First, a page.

Response of quaking aspen genotypes to enriched CO2: foliar chemistry and tussock moth performance
Version of Record online: 29 OCT 2002
Agricultural and Forest Entomology
Volume 4, Issue 4, pages 315–323, November 2002
How to Cite
Lindroth, R. L., Wood, S. A. and Kopper, B. J. (2002), Response of quaking aspen genotypes to enriched CO2: foliar chemistry and tussock moth performance. Agricultural and Forest Entomology, 4: 315–323. doi: 10.1046/j.1461-9563.2002.00156.x
- Issue online: 29 OCT 2002
- Version of Record online: 29 OCT 2002
- Accepted 16 May 2002
- feeding trials;
- genetic variation;
- plant–insect interactions;
- secondary metabolites
- 1Genetic variation in the phytochemical responses of plants to CO2 enrichment is likely to alter trophic dynamics, and to shift intraspecific selection pressures on plant populations. We evaluated the independent and interactive effects of atmospheric CO2 and quaking aspen (Populus tremuloides Michx.) genotype on chemical composition of foliage and performance of the whitemarked tussock moth (Orgyia leucostigma J. E. Sm.).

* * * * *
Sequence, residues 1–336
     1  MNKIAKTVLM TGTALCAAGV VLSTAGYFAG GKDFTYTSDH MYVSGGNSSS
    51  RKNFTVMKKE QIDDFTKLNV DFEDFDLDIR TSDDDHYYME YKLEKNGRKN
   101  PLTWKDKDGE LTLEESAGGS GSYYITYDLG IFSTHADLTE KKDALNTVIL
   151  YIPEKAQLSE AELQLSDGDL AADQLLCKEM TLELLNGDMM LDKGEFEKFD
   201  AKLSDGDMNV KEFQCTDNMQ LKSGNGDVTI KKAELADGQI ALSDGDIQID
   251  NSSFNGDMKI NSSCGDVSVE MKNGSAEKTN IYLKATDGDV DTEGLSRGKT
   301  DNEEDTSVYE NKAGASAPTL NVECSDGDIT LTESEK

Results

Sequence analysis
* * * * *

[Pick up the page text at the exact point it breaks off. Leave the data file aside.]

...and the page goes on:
- 2This research was conducted at the Aspen FACE (Free Air CO2 Enrichment) site in northern Wisconsin, U.S.A. Leaf samples were collected periodically from each of three genetically variable aspen genotypes growing under ambient and elevated CO2, and analysed for levels of primary and secondary metabolites. Tussock moth larvae were reared in situ on experimental trees, and development times and pupal masses were recorded.
- 3Foliar chemical composition varied among aspen genotypes and in response to CO2 enrichment. However, chemical responses of trees to elevated CO2 were generally consistent across genotypes.
- 4Larval development times varied among host genotypes and increased slightly for insects on high-CO2 plants. Enriched CO2 tended to reduce insect pupal masses, particularly for females on one of the three aspen genotypes.
- 5CO2 × genotype interactions observed for plant chemistry and insect performance in this study with a small number of genotypes are probably too few, and too weak, to shift selection pressures in aspen populations. These results differ, however, from earlier work in which more substantial CO2 × genotype interactions were observed for plant chemistry.